There were also more articles about the use of social media as news reporting and communicating platform e g

Mumbai attack coverage demonstrates (good and bad) maturation point of social media | Feeds |

Update 2: And guess what communication technology the terrorists were using?? Blackberrys of course!

Update 3: In NY Times February 14, 2009 John Arquilla commented on these kinds of attacks and called them Swarm tactics and characterized them as

The basic concept is that hitting several targets at once, even with just a few fighters at each site, can cause fits for elite counterterrorist forces that are often manpower-heavy, far away and organized to deal with only one crisis at a time.

and ends the article with a prediction:

Yes, the swarm will be heading our way, too. We need to get smaller, closer and quicker. The sooner the better.

200810152232.jpgIn July this year HBS published a working paper by the name: Communication (and Coordination?) in a Modern, Complex Organization where the authors analyzed e-mails from 30.000 employees in a large company over a 3-month period. It is really interesting that this has been done, even if I wonder why it wasn't done before (or am I wrong?).Their conclusions are really interesting, especially in present times of the social networks, where horizontal communication is growing rapidly.

Communication patterns were extremely hierarchical: Executives, middle managers, and rank-and-file employees communicated extensively within their own levels, but there were far fewer cross-pay-grade interactions in the firm.

Junior executives, women, and members of the salesforce were the key actors in bridging the silos.

[From the executive summary: The Silo Lives! Analyzing Coordination and Communication in Multiunit Companies — HBS Working Knowledge]

To those people who believe in the strong transformative power of technology this may sound surprising or even depressing. Because it basically means that in spite if all this wonderful technology that creates transparency and breaks down borders people are still communicating within silos.

To me this just underlines one of the important lessons from the research area of diffusion of innovations: it is our social connections that are the vehicles for the spread of innovations, and first in the next step technology changes social patterns. Social patterns doesn't change over night, because they are based on human behavior which follows much longer cycles.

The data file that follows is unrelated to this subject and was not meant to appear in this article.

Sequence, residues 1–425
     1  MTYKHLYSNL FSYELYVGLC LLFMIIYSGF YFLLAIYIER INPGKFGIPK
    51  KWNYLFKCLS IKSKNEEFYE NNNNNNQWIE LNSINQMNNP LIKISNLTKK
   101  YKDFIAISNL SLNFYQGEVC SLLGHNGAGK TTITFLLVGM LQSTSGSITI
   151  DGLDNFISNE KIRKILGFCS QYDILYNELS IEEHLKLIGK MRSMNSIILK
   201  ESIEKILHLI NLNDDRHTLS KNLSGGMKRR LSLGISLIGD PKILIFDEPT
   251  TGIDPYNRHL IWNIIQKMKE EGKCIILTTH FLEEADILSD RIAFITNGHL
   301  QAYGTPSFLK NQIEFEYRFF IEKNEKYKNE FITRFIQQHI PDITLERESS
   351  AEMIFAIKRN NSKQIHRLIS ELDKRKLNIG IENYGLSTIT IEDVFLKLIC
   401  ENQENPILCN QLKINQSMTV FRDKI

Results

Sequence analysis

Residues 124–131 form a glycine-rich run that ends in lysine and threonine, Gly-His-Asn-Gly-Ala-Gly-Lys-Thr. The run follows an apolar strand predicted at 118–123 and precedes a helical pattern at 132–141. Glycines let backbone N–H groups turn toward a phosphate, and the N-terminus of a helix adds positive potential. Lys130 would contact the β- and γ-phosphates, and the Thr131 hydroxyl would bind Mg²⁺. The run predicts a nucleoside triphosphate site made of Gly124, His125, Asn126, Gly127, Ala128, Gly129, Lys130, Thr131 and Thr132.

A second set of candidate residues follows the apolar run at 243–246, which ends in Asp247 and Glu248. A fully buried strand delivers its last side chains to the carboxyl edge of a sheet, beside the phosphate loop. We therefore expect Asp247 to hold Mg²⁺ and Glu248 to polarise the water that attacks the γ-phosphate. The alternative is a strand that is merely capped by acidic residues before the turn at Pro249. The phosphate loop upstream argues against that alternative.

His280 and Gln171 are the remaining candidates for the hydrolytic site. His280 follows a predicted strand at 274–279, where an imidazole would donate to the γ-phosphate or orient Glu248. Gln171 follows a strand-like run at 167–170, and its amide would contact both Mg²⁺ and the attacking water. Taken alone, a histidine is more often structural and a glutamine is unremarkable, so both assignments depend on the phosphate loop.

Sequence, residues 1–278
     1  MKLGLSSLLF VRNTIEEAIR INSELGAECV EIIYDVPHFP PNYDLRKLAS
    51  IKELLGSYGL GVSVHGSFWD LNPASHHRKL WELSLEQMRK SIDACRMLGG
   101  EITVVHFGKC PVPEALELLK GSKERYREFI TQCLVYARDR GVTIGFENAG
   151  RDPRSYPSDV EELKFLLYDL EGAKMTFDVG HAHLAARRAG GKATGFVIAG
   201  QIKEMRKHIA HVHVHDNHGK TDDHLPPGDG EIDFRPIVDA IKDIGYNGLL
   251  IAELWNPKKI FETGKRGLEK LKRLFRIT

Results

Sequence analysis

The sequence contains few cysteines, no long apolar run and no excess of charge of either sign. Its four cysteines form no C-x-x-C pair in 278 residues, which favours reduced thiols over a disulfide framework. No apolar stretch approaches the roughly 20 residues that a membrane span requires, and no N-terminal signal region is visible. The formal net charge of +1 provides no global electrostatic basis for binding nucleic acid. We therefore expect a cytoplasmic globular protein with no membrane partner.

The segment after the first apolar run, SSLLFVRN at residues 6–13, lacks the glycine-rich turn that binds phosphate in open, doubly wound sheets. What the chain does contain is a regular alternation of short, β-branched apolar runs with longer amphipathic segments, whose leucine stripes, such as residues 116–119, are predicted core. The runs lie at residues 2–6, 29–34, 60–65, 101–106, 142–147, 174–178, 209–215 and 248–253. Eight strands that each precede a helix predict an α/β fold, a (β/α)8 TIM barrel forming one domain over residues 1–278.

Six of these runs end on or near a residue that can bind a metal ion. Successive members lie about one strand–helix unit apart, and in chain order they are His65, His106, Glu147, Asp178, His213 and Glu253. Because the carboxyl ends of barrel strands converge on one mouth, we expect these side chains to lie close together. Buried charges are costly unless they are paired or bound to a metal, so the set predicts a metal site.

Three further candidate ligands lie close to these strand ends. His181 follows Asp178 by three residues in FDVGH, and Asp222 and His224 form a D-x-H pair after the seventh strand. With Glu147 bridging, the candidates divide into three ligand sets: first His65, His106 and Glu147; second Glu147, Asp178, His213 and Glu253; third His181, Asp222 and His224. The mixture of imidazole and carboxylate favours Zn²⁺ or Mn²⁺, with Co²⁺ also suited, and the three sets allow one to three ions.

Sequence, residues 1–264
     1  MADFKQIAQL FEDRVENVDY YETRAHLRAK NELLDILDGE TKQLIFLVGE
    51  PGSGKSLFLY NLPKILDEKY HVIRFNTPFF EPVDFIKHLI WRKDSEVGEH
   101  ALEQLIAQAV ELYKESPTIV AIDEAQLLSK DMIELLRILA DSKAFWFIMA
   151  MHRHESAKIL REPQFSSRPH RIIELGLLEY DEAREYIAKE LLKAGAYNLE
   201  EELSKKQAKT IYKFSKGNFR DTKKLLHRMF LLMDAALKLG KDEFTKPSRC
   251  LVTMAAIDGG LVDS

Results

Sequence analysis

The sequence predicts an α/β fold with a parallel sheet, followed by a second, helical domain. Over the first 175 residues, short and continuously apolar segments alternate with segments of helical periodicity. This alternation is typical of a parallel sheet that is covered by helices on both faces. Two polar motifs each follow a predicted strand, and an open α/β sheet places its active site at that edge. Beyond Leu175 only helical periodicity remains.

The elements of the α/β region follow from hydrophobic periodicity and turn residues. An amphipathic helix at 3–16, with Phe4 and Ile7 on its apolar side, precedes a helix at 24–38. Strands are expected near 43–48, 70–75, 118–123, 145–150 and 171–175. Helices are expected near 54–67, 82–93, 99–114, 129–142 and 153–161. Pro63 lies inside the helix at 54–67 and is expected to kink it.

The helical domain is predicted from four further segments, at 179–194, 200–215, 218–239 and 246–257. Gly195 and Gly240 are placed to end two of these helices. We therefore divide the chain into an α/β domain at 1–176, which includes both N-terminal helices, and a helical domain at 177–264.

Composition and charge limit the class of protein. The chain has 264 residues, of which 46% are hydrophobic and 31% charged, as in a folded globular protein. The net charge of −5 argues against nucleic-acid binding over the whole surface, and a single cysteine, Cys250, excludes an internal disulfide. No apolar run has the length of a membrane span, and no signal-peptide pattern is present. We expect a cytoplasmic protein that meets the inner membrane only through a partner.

Another way to put it is that the people as both employees and as company culture members embodies values and mental structures that in practice regulates e g who is invited to which project or who to contact to get a problem solved. In 1990 Paul A. David published an article called The Dynamo and the Computer: An Historical Perspective on the Modern Productivity Paradox where he tried to explain why the productivity gain of computers didn't showed up in the balance sheet. His point is that productivity doesn't rise until the whole system is redesigned in a new way, a process that may take decades because of the built in inertia in a working systems consisting of both people, machines and information structures in complex interrelation with each other.

What I think lacks in this research is how these social communication patterns changes with age, education and the individuals earlier experience of e g social software. I don't doubt that physical, geographical or organizational barriers creates this effect, but I am curious what is happening what is happing to people which are heavy users of communication and have a wide reach before they enter a large organization. Are they changing their behavior? And how much??

It would also be very interesting to compare companies of different age and maturity to understand how and how fast these silo patterns are emerging.

My comment as a futurist about this is (as usual): think s-curves! A lot of communication patterns on this planet haven't changed a bit yet, but they are about to. We are just inflating our expectations about this horizontal and social communications.